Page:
South Sudan, recovering from years of conflict, achieved its independence in July 2011. The country’s nascent media industry is still being developed although, the relations between the media and other institutions, particularly the law enforcement agencies, are edgy at times.
These relations are being ironed out through direct interactions between the parties involved. Whereas the media industry in South Sudan has been facing uncountable challenges ranging from political, social, cultural and economic hardships, the Covid-19 pandemic has deleteriously impacted the country’s media industry.
The outbreak of the novel coronavirus disease (Covid-19 pandemic) in Wuhan, China, in December 2019 which later spread to the African continent in early February 2020 when Egypt registered its first case, paused challenges to different structures of the African economies.3 So far, over 5.5 million people across the world have died of this contagion, and out of the 5 million, over 236,000 are natives of Africa.
The media that opt to be free and independent to foster public debate, shape opinions, set agendas and inform the world has been extremely affected by the pandemic.
In many African regimes and other undemocratic governments around the world, the pandemic was used as an opportunity to move their agendas and promote individual interests. In the initial days of the outbreak of Covid-19, press freedom in many African countries was left at stake.
Media houses were reported to have closed down, journalists arrested and detained, and other threats by political regimes catalyzed by Covid-19. The constant brutality on communities that are meant to be protected has been the order of the day in many countries, and journalists who would be on standby to report cases of violation of human rights have not been spared in the difficult times.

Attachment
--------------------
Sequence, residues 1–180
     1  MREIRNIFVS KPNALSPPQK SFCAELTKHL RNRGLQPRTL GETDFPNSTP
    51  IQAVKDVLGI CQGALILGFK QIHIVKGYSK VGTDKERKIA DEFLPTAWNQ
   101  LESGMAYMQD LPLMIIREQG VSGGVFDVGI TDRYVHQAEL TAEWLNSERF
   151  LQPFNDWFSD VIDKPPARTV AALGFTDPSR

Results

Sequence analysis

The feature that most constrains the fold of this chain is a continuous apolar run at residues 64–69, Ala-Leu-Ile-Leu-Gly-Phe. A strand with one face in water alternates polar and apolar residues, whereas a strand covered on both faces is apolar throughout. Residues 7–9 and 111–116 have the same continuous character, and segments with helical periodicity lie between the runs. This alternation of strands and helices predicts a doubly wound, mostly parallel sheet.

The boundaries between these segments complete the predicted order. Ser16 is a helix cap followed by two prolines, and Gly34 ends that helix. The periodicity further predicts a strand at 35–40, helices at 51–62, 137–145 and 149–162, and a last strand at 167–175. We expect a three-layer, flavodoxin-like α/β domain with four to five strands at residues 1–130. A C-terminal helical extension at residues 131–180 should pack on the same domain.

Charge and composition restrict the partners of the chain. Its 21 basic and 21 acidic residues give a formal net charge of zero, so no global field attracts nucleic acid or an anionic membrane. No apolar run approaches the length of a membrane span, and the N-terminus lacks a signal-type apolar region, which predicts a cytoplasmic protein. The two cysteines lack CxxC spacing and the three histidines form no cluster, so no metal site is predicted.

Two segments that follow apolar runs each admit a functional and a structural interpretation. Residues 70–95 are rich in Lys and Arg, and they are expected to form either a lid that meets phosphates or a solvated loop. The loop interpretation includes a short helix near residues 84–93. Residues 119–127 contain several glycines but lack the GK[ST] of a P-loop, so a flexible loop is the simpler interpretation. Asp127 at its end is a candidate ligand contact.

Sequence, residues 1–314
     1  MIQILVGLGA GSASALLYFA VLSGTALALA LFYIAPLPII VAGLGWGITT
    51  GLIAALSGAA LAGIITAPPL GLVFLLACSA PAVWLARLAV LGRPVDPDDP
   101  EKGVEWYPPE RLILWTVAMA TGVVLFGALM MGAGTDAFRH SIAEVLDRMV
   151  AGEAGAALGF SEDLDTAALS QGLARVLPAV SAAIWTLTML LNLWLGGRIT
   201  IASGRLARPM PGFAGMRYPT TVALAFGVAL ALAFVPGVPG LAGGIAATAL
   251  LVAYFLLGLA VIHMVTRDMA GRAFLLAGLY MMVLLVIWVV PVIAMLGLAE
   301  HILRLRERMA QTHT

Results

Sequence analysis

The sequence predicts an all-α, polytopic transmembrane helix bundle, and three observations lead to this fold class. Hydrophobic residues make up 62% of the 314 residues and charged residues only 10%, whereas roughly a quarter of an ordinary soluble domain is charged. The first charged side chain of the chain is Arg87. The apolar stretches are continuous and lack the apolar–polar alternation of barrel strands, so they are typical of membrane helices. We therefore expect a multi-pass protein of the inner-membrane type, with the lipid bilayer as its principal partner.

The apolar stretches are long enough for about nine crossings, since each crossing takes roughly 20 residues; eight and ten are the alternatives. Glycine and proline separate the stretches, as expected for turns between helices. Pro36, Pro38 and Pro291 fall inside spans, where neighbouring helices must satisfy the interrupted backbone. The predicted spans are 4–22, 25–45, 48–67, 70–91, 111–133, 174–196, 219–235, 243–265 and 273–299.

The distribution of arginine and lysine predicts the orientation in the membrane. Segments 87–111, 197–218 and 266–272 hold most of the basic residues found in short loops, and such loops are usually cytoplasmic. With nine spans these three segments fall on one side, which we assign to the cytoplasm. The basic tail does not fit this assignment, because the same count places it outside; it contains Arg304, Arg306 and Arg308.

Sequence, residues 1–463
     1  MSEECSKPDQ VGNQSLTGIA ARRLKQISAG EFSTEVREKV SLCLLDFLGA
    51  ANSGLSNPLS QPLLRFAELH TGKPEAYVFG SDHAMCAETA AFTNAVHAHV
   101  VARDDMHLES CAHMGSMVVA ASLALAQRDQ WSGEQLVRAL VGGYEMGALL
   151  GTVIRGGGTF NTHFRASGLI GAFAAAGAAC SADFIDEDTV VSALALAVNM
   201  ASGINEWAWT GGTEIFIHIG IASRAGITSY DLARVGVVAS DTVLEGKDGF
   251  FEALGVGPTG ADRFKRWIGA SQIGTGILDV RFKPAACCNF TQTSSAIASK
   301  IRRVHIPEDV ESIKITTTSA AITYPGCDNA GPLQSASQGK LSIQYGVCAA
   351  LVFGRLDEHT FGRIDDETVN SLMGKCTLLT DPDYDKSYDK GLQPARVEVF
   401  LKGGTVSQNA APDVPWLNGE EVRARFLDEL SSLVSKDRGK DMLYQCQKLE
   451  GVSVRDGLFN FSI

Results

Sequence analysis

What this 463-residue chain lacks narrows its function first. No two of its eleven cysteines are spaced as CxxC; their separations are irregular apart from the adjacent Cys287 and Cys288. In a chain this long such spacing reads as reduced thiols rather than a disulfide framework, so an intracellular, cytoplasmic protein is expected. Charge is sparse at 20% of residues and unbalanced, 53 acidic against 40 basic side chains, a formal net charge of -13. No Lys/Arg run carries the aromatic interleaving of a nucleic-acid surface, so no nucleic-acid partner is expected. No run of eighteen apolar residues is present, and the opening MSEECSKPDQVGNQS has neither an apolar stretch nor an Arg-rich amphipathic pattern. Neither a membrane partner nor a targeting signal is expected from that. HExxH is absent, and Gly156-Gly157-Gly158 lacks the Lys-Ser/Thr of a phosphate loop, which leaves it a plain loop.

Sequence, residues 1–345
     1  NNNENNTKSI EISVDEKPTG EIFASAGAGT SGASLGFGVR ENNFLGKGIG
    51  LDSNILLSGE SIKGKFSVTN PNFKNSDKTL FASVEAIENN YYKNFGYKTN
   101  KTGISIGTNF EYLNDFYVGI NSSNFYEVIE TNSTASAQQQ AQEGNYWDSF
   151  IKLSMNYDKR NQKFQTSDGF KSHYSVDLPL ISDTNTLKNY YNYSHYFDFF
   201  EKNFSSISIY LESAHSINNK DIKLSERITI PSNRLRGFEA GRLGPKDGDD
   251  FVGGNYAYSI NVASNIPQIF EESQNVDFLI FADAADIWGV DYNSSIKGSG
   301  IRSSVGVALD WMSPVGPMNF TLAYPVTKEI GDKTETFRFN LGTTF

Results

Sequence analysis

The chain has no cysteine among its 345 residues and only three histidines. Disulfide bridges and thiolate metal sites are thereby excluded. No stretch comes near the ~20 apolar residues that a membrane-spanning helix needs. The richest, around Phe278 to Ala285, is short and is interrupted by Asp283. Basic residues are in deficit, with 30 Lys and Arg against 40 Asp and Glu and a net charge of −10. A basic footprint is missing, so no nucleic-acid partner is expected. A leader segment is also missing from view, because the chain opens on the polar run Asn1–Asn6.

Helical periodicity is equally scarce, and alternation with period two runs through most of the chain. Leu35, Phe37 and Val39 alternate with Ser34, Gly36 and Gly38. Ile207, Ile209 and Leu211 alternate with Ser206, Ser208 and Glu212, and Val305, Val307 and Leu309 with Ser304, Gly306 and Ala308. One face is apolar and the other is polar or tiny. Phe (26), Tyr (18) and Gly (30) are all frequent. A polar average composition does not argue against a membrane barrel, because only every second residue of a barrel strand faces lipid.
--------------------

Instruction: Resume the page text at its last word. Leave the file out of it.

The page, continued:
Threats to journalists started taking forth in South Sudan in April 2020 when the country registered its first case of Covid-19.5 Since then, the country has reported threats to press freedom and the media including job insecurity, pay cuts, physical assault, arrest, and detention, denial of access to information, insults, cyber harassment, torture of journalists, and court charges.
The year 2020 and the rest of the pandemic period in South Sudan have been marked by conflict, security forces’ violations, entrenched impunity, and a lack of respect for rule of law, all of which were enhanced by the impact of the Covid-19 pandemic.
Media freedom and rights of journalists have not been spared during the critical times when the media and the health sectors have to cooperate to inform, educate and sensitize the population about the novel coronavirus
Authorities continued to arbitrarily detain critics, including members of civil society and journalists, often holding them for extended periods without charge or trial. According to Freedom House, in December 2022, the United Nations reported that at least five journalists were arbitrarily arrested and detained during a September-to-November reporting period.
In South Sudan, although the transitional constitution guarantees the freedom of the press, it is highly doubted if this law is followed. The government censors, harasses, and arrests journalists, especially those critical of the government.
In January 2020, the National Security Service (NSS) detained radio journalist Ijoo Mosco for reporting on US sanctions against then first vice president Taban Deng Gai. Mosco was released several days later after reportedly apologizing, and threatening to live the county. In February, security agents in Maridi State detained journalist Isaac Van for reporting on corruption allegations against a local football association, but Van was released without charge. This report documents press freedom violations during 2020, the first year of Covid-19 in Africa.